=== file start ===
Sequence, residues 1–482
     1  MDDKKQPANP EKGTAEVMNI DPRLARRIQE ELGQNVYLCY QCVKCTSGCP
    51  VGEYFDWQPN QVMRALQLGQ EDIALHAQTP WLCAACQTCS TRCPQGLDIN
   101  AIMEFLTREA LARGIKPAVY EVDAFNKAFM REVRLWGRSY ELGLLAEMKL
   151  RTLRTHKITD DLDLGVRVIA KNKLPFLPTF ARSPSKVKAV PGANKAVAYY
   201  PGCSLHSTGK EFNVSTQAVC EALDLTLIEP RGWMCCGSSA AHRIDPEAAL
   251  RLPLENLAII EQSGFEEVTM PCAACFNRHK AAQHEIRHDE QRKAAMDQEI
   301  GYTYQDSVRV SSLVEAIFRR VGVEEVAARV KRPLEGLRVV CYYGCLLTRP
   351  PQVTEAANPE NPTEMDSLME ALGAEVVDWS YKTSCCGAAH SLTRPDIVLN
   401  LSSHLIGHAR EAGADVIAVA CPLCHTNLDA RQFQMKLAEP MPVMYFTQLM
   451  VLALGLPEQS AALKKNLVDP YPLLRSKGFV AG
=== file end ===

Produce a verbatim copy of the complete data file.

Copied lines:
Sequence, residues 1–482
     1  MDDKKQPANP EKGTAEVMNI DPRLARRIQE ELGQNVYLCY QCVKCTSGCP
    51  VGEYFDWQPN QVMRALQLGQ EDIALHAQTP WLCAACQTCS TRCPQGLDIN
   101  AIMEFLTREA LARGIKPAVY EVDAFNKAFM REVRLWGRSY ELGLLAEMKL
   151  RTLRTHKITD DLDLGVRVIA KNKLPFLPTF ARSPSKVKAV PGANKAVAYY
   201  PGCSLHSTGK EFNVSTQAVC EALDLTLIEP RGWMCCGSSA AHRIDPEAAL
   251  RLPLENLAII EQSGFEEVTM PCAACFNRHK AAQHEIRHDE QRKAAMDQEI
   301  GYTYQDSVRV SSLVEAIFRR VGVEEVAARV KRPLEGLRVV CYYGCLLTRP
   351  PQVTEAANPE NPTEMDSLME ALGAEVVDWS YKTSCCGAAH SLTRPDIVLN
   401  LSSHLIGHAR EAGADVIAVA CPLCHTNLDA RQFQMKLAEP MPVMYFTQLM
   451  VLALGLPEQS AALKKNLVDP YPLLRSKGFV AG